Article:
The Worst Skin Care Advice Dermatologists Have Ever Heard
The beauty community has no shortage of alleged “experts,” who claim to be in the know on foolproof remedies for a throng of skin-related topics. The only difference—and it’s a big, big difference—is that these so-called “experts” spewing dangerous myths typically aren’t any sort of skin care authority at all. Ironically, nobody is as privy to all the bogus out there than a dermatologist; they’ve truly heard it all. So, to separate fact from fiction, we asked three top derms to share the worst pieces of skin care advice they’ve ever heard. Peep their responses below!
1. Sunscreens are dangerous and cause cancer.
“This one drives me nuts,” says board-certified dermatologist, and Skincare.com consultant, Dr. Michael Kaminer. “It’s based on flimsy research and is not supported by the dermatology community. When sunscreens are used properly—and reapplied every two hours—they are incredibly protective against all forms of skin cancer, and are a mainstay of any good skin care regimen. I believe the theory was that when patients put on sunscreen, they feel invincible, go wild in the sun and don’t reapply, which is risky behavior. But that isn’t the sunscreens fault, rather a problem with how the [person] is using the sunscreen.”
2. Rotating products daily or weekly is good for your skin.
“I just don’t get it,” remarks Dr. Kaminer. “A good skin care regimen is a good skin care regimen, so why would you want to constantly change the products you are using? My sense is that this is a fabricated rationale that some people use to justify the fact that they are skin care junkies! By carefully selecting a few well-thought-out products, anyone can put together a solid skin care regimen that they can use every day, or at the minimum have a weekly plan where some products are used daily, and others weekly. But rotating regularly—or even worse, randomly—makes zero sense to me.”
3. The best way to get adequate vitamin D is to go tanning.
Board-certified dermatologist, and Skincare.com consultant Dr. Dhaval Bhanusali names this as one of the worst pieces of advice he’s heard because it’s downright false. Only a limited amount of vitamin D is produced from UVB radiation, which for Caucasians is reached after just five to ten minutes of midday sun exposure. If you’re exposed to UVB rays for longer than that, it doesn’t increase the amount of vitamin D in the body, but rather begins to break down what’s already stored. Eek! Want to hear some more vitamin D myths? Read this.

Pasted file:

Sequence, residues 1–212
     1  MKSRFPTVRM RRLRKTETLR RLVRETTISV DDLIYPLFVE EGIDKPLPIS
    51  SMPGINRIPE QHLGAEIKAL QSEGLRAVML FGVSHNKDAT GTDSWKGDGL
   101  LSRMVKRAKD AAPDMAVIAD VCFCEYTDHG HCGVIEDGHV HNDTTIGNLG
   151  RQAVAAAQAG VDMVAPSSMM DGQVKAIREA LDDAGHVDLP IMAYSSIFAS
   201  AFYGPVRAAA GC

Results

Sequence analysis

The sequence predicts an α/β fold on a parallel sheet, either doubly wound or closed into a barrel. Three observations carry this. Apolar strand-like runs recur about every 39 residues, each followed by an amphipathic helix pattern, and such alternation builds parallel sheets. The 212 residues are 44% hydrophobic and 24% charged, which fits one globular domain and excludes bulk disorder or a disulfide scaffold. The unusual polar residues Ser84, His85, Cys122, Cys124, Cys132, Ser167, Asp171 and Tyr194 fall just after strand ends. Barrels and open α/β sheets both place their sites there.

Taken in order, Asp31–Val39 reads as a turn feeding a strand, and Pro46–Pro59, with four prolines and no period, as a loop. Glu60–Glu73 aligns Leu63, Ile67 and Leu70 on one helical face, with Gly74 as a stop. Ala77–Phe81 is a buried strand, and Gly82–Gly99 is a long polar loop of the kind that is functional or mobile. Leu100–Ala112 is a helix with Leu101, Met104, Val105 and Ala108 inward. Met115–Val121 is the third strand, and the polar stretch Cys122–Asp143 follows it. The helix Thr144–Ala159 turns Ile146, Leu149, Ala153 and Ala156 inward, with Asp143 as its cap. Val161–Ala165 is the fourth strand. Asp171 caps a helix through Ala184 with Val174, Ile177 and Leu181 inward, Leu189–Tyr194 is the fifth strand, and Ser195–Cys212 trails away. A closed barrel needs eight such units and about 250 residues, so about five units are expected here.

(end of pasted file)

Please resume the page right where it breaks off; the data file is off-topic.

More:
4. Tying a string around pimples and warts can make them go away.
Well, this just sounds downright painful. Dr. Bhanusali recommends you don’t try this at home. (But really, why on earth would you want to!?) To help fight a breakout on your complexion, purify your pores with an acne-fighting cleanser, moisturize your skin with a non-comedogenic cream, and apply a spot treatment formulated with salicylic acid or benzoyl peroxide. Lucky for you, we’ve listed some of our favorite spot treatments for acne, here.
5. Popping a zit is the fastest way to make it go away.
Let’s face it: We all pick and pry at our skin from time to time but, Dr. Bhanusali can attest that it’s the wrong move. Don’t pop your pimples, people—just don’t. Instead, follow these helpful tips to kick the bad habit and keep your skin from looking like a warzone.
6. You need a base tan so you don’t burn for the rest of the summer.
Any derm—including Dr. Bhanusali—will tell you, there’s no such thing as a “safe” tan. Any discoloration is a sign of skin damage, even if your skin is not burning, flaking, or itching. Always apply broad-spectrum sunscreen—SPF of 15 or higher—and continue to reapply for the safest protection against the sun’s harmful UV rays.
7. People with darker skin don’t need sunscreen.
If you follow Skincare.com regularly you’d know this was a big, fat lie, and Dr. Lisa Ginn, board-certified dermatologist and Skincare.com consultant, agrees. “No matter what your ethnicity, sunscreen is important,” she says, explaining that lighter-skinned patients are often more aware of the risk of skin cancer since they burn more easily, causing them to adopt the sunscreen habit early. “With patients of color, unfortunately, by the time we catch the skin cancer it’s too late.” To protect yourself you need to wear—and reapply—sunscreen with broad-spectrum SPF every day regardless of your skin tone, because fact is, anyone can get skin cancer! We repeat: Nobody is immune to skin cancer.